In a budget signed by New Jersey Gov. Chris Christie in the early morning of Independence Day after weeks of partisan wrangling and a stalemate that led to three days of a government shutdown, lawmakers allocated $33.1 million in state aid for non-public schools. Of that amount, around $11 million will go to Jewish day schools and yeshivas, an increase of $1.7 million over the $9.3 million that was budgeted in 2017.
Some are pleased with the end result. Others are not.
“I am totally not satisfied with the state allocation,” Steven Karp, executive director of the Jewish Educational Center (JEC) in Elizabeth, wrote in an e-mail to NJJN. “Compared to the funding the public schools get, it’s pennies on the dollar.”
Although Karp would agree that the passage of a state budget that provides big increases in funding for secular programs at private schools is a positive step, he and another day school administrator don’t think they’re getting their fair share of aid compared to public schools.
“When it comes to the secular subjects, and technology, nursing, security, textbooks, we should get equally paid for that,” Karp said.
The allocation breaks down to $264 per student in Jewish and other non-public schools, the largest allotment in New Jersey history. The monies will be applied to four crucial sectors, according to Teach NJS, a multi-denominational coalition comprised of day schools and some federations formed by the Orthodox Union that has been lobbying for state aid to non-public education since 2015.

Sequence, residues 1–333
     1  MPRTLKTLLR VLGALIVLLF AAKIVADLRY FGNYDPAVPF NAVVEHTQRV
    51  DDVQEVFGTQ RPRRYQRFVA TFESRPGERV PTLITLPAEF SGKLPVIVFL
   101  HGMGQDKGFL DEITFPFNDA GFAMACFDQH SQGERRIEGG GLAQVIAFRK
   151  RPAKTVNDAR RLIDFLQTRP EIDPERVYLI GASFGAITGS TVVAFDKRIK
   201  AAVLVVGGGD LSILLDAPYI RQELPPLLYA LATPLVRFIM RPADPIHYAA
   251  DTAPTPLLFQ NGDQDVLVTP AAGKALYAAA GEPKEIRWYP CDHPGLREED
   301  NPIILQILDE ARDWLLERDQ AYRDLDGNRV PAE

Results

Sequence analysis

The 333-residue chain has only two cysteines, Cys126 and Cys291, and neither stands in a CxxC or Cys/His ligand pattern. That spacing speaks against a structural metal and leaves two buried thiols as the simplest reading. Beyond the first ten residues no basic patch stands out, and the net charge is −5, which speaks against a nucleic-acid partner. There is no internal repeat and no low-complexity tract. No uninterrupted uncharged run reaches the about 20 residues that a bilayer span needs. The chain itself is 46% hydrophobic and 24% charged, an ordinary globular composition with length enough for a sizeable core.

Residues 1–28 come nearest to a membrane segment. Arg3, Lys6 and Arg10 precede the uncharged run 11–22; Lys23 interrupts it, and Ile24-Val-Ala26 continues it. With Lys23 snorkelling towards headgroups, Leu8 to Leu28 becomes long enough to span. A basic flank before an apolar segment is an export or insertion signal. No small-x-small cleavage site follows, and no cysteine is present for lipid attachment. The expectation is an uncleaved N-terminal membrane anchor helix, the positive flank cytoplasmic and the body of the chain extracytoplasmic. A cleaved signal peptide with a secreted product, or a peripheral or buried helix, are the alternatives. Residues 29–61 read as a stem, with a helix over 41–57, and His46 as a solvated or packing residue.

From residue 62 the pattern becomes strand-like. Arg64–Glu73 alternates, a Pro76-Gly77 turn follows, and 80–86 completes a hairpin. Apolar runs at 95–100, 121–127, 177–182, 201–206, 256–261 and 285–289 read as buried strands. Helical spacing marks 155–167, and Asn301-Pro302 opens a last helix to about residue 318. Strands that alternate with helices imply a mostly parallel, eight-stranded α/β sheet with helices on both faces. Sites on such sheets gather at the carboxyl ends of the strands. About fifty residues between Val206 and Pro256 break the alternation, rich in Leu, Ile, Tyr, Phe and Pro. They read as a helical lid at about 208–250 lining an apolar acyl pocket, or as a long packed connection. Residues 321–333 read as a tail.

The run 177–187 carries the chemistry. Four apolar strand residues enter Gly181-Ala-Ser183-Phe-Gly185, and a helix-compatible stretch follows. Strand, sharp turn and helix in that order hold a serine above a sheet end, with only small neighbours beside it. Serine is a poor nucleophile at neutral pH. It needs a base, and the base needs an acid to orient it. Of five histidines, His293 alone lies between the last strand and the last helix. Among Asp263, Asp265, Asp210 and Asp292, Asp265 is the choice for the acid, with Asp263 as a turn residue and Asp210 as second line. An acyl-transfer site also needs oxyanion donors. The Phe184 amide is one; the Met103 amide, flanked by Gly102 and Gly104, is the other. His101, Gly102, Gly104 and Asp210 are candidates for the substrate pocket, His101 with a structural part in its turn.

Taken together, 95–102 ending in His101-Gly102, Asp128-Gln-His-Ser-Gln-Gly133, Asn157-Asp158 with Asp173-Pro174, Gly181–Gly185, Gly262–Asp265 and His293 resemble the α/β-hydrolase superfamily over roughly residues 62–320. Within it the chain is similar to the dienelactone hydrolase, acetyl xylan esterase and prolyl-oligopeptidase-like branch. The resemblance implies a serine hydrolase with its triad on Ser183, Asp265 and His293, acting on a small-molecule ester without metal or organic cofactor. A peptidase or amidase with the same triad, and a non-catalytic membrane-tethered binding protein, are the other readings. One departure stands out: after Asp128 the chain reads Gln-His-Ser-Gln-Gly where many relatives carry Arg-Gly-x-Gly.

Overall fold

The largest increase was $4 million allocated for school security, which comes to $75 per student; last year, it was $50 per student. The amount allocated per students for security has tripled since 2015.
Another $4 million was provided for nursing aid for the 150,000 New Jersey students who attend private and parochial schools, some 42,000 of whom attend Jewish day schools. The additional funds represent a $750,000 increase from 2016 monies.
Additionally, the schools will receive $1.6 million in technology assistance and $2.4 million toward purchasing textbooks. The aid will be equally apportioned to each Jewish, Christian, Catholic, Muslim, and non-sectarian private school student.
Adam Shapiro, head of school at the Golda Och Academy in West Orange, told NJJN in an email that he appreciated the state’s continued support of private school technology, nursing, and security programs. But like Karp, he complained that it’s not on par with the per-student funding of many local public-school districts.
Money for safety and security programs, Shapiro said, “should not be determined based on where parents have chosen to place their children.” Rather, “the safety and security of all school-aged children is of paramount importance and thus all students must be equally protected.”
Karp expressed skepticism that the day schools would even receive the amount promised, insufficient as he believes it to be.
“We never count our chickens until they hatch,” he said. “In the 17 years that I have been here, it’s not often that the state actually keeps all of their promises…. We would like for our politicians to keep their word when they promise to support the non-public school systems.”
Karp said he will earmark the new security allocation to upgrade protection at Bruriah, JEC’s all-female high school. He said the security systems at his two campuses are more than a dozen years old. As far as dollars for nursing are concerned, “we don’t even get a say on that. The money goes to the city of Elizabeth, and they give it back to us.” He said last year’s nursing allocation of $71,150 wasn’t enough to cover all the students at both campuses, forcing his school system to raise additional funds to hire a nurse.